Relationship Advice from North Shore Couples

This month, the relationship advice experts are our readers—real people in real relationships who have learned from experience what counts in love.

Marge and Neil, Evanston, Married 47 years

Marge and Neil are a delightfully warm and engaged couple. Over their 47 years of marriage, the couple has formed a close and resilient bond, in part because Neil’s career in industrial manufacturing moved them around many times. “We never lived close to family from the time we were married, so we only had each other,” Marge says. “We had to make a life together.”

“We were the constant,” adds Neil. “We’re best friends.”

With each move, Marge and Neil, along with their two children in earlier years, embraced their new community. “That’s the other thing that was successful for us. We could reinvent ourselves each time. We never got stuck,” says Marge, who in addition to raising her kids played huge roles in the arts, child advocacy and fundraising communities wherever they landed.

“Marge does boring very badly,” Neil says.

“Well, so does he,” Marge says. “He tried to retire, but he couldn’t.”

Neil works full-time and has no plans to retire in the near future. He and Marge share many interests (including four grandchildren) and love to stay active. They’d just finished a 21-mile bike ride the day before this interview. Still, both partners place a high value on self-sufficiency.

“I tell this to my daughter: You have to be independently dependent,” Marge says. “I said that from the word ‘go.’ You have to have your own life within the concept of being a couple.”

“You can’t be so joined at the hip that you implode,” Neil says.

“That, and men do not read women’s minds,” adds Marge with a laugh.

Jim and Lisa, Wilmette Married 24 Years

Jim and Lisa have not only been married for 20-plus years, but they’ve been in business together that long, too. Jim started O’Brien Landscape the year after they married and Lisa took over the books.

Working together might put a strain on some marriages, but not Jim and Lisa’s. Their work has only brought them closer.


“Many married couples don’t speak all day, but Jim and I talk at least three times a day,” Lisa says, “Some of it’s work, some of it’s not. We communicate constantly. There’s no room for ‘I’m mad at you.’ We have to talk.”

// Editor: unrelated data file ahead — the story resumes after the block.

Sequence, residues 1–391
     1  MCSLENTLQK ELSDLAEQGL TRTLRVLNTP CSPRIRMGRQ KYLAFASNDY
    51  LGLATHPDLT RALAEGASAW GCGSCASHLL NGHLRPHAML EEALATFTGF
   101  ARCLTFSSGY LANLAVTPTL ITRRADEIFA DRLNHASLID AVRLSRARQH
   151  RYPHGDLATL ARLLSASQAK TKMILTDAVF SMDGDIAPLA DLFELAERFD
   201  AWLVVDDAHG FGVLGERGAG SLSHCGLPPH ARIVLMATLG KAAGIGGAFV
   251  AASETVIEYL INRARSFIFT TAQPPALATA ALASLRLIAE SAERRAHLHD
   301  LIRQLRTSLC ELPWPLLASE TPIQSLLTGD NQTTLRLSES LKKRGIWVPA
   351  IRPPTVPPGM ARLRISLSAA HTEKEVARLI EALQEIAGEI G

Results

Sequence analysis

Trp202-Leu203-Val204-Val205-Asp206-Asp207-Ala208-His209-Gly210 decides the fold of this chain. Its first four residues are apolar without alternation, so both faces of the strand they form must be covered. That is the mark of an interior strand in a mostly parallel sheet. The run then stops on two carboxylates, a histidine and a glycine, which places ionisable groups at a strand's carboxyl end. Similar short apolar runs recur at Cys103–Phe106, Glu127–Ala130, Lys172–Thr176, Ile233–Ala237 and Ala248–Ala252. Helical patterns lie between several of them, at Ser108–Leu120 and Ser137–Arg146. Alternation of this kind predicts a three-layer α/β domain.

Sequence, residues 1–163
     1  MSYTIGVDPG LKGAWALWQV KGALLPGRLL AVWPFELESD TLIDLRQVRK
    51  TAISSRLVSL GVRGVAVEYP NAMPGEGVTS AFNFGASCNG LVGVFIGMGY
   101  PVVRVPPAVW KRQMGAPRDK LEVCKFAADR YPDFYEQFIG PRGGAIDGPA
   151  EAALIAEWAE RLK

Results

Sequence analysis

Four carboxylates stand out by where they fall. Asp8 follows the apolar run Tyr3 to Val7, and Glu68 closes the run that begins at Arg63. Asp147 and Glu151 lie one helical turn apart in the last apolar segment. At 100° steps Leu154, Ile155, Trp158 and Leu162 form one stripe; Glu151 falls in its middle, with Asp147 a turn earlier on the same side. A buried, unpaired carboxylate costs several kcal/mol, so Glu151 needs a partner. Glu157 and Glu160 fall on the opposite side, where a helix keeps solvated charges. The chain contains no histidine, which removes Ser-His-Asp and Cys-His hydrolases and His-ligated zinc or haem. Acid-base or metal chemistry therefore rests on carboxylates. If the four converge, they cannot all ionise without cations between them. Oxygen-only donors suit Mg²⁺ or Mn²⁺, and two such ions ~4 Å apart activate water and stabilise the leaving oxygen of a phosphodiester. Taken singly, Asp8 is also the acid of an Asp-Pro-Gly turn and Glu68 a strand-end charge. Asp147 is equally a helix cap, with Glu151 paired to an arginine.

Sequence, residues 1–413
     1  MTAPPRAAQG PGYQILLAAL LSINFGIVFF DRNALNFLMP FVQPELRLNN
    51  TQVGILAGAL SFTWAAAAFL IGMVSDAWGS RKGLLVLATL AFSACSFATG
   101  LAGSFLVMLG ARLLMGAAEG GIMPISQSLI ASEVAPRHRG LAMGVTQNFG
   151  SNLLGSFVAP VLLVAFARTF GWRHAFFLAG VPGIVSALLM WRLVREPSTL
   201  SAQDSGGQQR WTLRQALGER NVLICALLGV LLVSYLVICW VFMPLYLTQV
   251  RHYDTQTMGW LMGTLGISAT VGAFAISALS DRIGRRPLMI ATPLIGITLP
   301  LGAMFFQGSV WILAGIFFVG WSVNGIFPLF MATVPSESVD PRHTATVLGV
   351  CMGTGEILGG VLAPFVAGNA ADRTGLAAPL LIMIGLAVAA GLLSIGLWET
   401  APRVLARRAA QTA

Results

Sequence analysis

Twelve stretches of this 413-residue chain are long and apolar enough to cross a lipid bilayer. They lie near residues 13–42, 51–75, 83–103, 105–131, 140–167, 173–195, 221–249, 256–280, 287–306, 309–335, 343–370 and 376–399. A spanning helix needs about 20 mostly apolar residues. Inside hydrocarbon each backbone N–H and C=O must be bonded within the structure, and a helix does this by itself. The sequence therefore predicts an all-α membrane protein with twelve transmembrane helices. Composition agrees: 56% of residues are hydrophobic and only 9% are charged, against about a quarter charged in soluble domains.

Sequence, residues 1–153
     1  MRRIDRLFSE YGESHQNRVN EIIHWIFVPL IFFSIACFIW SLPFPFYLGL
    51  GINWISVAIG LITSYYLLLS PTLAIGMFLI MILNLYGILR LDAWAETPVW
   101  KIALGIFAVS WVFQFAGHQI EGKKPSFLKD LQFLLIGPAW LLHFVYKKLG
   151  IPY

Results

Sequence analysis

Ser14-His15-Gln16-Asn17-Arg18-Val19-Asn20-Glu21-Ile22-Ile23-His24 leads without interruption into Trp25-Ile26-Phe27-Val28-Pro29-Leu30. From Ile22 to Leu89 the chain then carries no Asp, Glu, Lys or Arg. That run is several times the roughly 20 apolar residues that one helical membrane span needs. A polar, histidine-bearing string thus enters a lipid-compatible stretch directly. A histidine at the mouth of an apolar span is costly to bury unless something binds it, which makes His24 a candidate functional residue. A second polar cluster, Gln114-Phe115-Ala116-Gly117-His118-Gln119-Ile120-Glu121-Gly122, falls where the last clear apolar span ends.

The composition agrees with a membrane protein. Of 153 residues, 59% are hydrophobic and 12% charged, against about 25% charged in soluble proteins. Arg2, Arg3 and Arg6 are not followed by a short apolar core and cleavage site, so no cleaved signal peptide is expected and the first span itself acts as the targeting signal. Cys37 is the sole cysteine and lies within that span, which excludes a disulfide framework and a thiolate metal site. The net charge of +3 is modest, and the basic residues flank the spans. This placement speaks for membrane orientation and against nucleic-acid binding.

“There also no hiding or lying,” Jim says.

“We really can’t,” Lisa agrees. “We’re best friends, and we’re husband and wife, and we’re also coworkers.”

Spending so much time together in a variety of different roles makes Jim and Lisa appreciative of each other’s strengths.

Lisa tells Jim, “You’re very flexible and optimistic and positive, which are amazing qualities. And you’re a problem-solver. You always say, ‘Let’s figure it out.’ And if we can’t figure it out…”

“We have a martini,” says Jim with a laugh.

“Some people would consider the best-friend part as not romantic, but for me it’s an anchor; it’s a strength,” Jim says. “I know that Lisa has got my back and that whatever happens we’re going to get through it together. That’s a huge confidence builder and I know I can go out and face the world—even the tough stuff—because I’ve got her to help me.”

“We’re a team,” Lisa says. “It’s the cornerstone of what we’re about.”

More Relationship Advice from our Readers:

  • “Don’t argue about a problem if you can spend a little money and make [it] go away. A good handyman and a cleaning service are an investment in marital harmony—not an indulgence.” —Alicia, Evanston
  • “The best gift parents can give their children is the example of a loving marriage, which came first and is a higher priority than they are.” —Jim, Saugatuck, Mich.
  • “A dear friend told me long ago when the kids were babies to have a standing date night weekly with your husband.” —Emily, Evanston
  • “The best gift a man can give his children is a happy mother!” —Caroline, Chicago
  • “Always (no exceptions) kiss goodbye and kiss hello.” —Claire, Chicago
  • “Always go to bed together naked!” —Anonymous, Northfield

And If You’re not Married Yet:

  • “Marry the smartest, funniest person possible. If your spouse makes you laugh out loud at least once a day, your life is rich.” —Karen, Wilmette
  • “Don’t get married unless your whole self tells you there’s no other option. (I mean this in a good way!)” —Julie, Kenilworth

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